10 Questions with…Jimmy Herring

Words by Brian Heisler 

When most music fans hear the name "Ramone," they think of shaggy-haired, Queens, NY boys.  They think of "Blitzkrieg Bop," or "I Wanna Be Sedated."  They think of punk rock, and CBGB's, and a band that revolutionized music in the 1970's.

The last thing that someone thinks about when they hear the name "Ramone" is bluegrass.

Tommy Erdelyi, nee Tommy Ramone, was one of the founding members of the seminal band, playing drums from 1974 to 1978.  Now, three decades later, he has a new project, a bluegrass duo named Uncle Monk, who recently released their debut self-titled album.

Honest Tune contributing writer Brian Heisler caught up with Tommy to talk about his new gig, how it came to be, and how Ramones fans react when they see Ramone with a mandolin instead of a drum kit.

 

Honest Tune: Your new bluegrass duo, Uncle Monk, where does the name come from?

Tommy Ramone: It’s a name that we’ve had for a long time.  I just like the sound of it, sort of like an alliteration type thing.  I thought it sounded neat.  Maybe it’s a homage to Thelonius Monk and the painter Edward Monk.

 

 

HT: In that case, how long have you been playing in some capacity under the name “Uncle Monk”?

TR: We used to have a band, sort of like an electric jamband, called Uncle Monk, in the early ‘90s.  And Claudia Tienan played bass and I was guitar and singer.  So we’ve had the name for a while.

HT: Originally it was a jamband and traditionally you’ve played in rock groups, so where did the bluegrass sound come from?

TR: Well, at that time I wanted to start bringing in elements of old time music and bluegrass into that band.  And in doing that I started picking up the banjo and the mandolin and I just found out that I really loved those instruments and slowly we started dropping the electric ones. 

Eventually we ended up an acoustic duo, so it sort of like an evolution of sorts.

Claudia TienanHT: How exactly did you come together with Claudia Tienan?

TR: We met on the New York music scene and we were both going to Hunter College, so we bumped into each other all the time.

HT: You said you played as a jamband under Uncle Monk, so it has not always been just the two of you.  Do you plan to bring a band on board when you hit the road at some point?

TR:  That band was a trio – we had a drummer.  Eventually we might add musicians; right now we like the duo situation because it’s very portable and we sort of are coming up with a unique sound, doing it as a duo.  We’re having fun the way it is right now. 

But in the future we might add musicians down the line.  Who knows?

HT:  On your album you play mandolin, banjo, and dobro and you sing, but of course there are no drums.  As an accomplished drummer with the likes of the Ramones, why are there no drums on the album?

TR: Originally there were supposed to be drums and this present thing evolved.  At first we were putting down drums, but things just sounded better without the drums.  It just became more authentic and as it became more authentic, it became better. 

The mandolin itself provides sort of like a rhythm.  Part of the mandolin’s function is what is known as the “mandolin chop,” which is a little bit like a snare drum actually.  You may not hear a drum, but the rhythms are in there.

HT: When you play in front of fans who have never seen you before but know that they are coming to see Tommy Ramone, what is the reaction you get from longtime Ramones fans?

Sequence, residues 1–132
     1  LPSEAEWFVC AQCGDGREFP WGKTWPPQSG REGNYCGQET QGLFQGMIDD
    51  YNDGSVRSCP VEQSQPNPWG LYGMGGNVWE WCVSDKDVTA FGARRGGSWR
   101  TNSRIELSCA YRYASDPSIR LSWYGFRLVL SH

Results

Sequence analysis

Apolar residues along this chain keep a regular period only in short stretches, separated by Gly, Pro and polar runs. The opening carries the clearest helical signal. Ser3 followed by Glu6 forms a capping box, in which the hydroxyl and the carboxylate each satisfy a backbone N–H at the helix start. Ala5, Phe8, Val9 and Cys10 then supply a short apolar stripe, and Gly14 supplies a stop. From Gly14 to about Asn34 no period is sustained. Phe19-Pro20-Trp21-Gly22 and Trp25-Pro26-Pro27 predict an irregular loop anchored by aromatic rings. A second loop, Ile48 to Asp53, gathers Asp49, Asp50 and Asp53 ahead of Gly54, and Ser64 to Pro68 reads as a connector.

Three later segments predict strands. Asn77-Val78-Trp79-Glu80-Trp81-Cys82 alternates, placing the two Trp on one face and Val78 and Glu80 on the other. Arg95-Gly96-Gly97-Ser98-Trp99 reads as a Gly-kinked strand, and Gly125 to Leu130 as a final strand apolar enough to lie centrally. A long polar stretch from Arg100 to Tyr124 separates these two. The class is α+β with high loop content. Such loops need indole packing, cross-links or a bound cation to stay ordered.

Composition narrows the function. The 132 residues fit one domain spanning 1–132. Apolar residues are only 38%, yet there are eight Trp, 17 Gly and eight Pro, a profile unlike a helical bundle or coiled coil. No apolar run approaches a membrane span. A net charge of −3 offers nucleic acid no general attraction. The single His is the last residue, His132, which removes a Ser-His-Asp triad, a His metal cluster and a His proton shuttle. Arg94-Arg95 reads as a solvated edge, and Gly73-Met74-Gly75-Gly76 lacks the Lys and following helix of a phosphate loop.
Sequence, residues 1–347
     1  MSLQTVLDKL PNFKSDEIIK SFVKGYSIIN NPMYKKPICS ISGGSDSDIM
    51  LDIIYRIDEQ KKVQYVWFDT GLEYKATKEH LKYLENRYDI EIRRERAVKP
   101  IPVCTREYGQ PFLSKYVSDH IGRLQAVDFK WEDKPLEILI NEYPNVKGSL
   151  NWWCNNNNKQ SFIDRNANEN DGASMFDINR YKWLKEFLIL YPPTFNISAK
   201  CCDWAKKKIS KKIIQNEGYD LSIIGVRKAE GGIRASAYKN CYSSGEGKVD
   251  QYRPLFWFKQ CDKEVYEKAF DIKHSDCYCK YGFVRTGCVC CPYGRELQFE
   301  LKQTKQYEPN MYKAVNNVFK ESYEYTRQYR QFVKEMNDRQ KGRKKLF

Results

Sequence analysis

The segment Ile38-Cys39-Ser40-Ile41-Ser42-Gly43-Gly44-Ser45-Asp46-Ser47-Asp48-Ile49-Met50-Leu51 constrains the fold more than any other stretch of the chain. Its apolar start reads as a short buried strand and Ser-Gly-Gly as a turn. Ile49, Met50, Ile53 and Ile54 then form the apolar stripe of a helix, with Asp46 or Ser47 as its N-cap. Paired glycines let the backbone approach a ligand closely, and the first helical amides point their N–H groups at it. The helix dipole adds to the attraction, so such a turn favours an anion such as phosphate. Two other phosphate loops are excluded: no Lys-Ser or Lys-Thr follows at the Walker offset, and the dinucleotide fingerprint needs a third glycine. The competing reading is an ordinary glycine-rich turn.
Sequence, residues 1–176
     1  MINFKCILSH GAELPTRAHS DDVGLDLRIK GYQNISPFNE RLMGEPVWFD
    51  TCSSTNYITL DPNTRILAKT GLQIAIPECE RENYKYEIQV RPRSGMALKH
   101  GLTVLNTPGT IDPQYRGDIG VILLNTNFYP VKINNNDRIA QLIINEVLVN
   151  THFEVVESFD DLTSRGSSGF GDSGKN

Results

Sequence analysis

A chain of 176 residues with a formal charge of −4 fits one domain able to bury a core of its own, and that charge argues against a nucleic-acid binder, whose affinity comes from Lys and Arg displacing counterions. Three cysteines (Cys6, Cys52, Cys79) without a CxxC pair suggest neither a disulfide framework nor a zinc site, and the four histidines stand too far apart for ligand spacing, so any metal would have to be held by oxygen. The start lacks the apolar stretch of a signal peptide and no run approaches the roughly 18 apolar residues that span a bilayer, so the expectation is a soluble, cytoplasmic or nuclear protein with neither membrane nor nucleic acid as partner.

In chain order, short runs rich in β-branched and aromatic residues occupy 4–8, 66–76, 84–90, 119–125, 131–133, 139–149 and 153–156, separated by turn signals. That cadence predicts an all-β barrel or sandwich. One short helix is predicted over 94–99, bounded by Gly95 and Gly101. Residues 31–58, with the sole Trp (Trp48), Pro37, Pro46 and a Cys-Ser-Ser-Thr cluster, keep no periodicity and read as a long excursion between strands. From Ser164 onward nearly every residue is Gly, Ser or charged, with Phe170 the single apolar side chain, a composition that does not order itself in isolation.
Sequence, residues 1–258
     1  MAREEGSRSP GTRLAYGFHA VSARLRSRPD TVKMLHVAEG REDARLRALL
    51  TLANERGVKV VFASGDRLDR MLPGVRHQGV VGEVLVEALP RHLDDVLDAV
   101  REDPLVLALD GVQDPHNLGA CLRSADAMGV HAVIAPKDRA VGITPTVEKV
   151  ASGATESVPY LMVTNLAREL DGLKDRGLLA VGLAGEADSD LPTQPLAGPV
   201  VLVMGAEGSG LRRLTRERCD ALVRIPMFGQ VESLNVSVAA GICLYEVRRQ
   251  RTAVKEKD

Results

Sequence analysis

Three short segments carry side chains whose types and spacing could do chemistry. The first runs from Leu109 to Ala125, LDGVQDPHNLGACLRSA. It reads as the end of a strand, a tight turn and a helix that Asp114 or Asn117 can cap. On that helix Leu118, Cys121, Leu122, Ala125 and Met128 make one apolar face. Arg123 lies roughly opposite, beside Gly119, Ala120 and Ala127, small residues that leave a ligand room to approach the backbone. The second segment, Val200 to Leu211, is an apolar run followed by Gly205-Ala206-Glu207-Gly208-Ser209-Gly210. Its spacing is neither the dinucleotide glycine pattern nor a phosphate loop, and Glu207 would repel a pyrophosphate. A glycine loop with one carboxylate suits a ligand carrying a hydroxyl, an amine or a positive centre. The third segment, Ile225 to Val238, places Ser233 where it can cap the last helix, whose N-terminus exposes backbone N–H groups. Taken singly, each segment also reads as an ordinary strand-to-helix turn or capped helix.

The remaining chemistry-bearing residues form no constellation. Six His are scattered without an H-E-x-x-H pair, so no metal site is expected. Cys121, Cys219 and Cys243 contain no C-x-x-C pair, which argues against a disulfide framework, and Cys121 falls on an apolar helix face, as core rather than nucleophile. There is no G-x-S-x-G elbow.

TR: It’s very interesting because most of those people have absolutely never heard bluegrass or old time music.  It’s all very alien to them.  They like it, but a lot of times they don’t know why they like it. 

But the response has been very positive, especially as we’ve been doing it more and more.  They really get into it, so it’s been very good actually.

HT: Do you get fans coming to expect Ramones music, even though they should be expecting bluegrass?

TR:  I don’t know what they expect.  I suppose a lot of people expect all kinds of things from us because there’s all kinds of old time bands out there that actually are kind of punky, almost like a jug band type of thing, there’re a lot of those bands out there.  So possibly some people might expect us to be like that, but we’re really not like that. 

We’re really much more like an indie band, where we combine indie sensibilities, modern lyrics with old time instrumentation and structure.  What we’re doing is kind of original and unique.  It’s not particularly punky in the sense that people would think it is punky, but in another sense it is because lyrically we deal with certain themes that some people might consider very punky indeed. 

We’re very different than what people might expect, but in an interesting way they seem to get off on it because it’s like breaking new ground, it opens new doors for them.

HT: What plans do you have for Uncle Monk for the rest of the summer?

TR:  We’re gonna add shows one at a time and try to enjoy ourselves and basically get our music to as many people as we can.  So we have to figure out what’s the best way to get to the most people the quickest.

 HT: Do have any other plans for the band in general?

TR: We’re gonna be working on a new album at the end of the year and we already have the songs for it.  We just basically write the songs and we’re a very song-based act really.  The songs deal really with our own emotions and lives.  So it’s really a reflection of our own internal psychies really. 

We just keep writing the songs and record them and play them and hopefully people will like them and tour and hopefully just make some fans and friends as we play at some shows.  That’s what we’d like to do.  We hope to see fans out there and we hope they give us a listen.

 

photos by Josh Mintz / photosbyjosh.com

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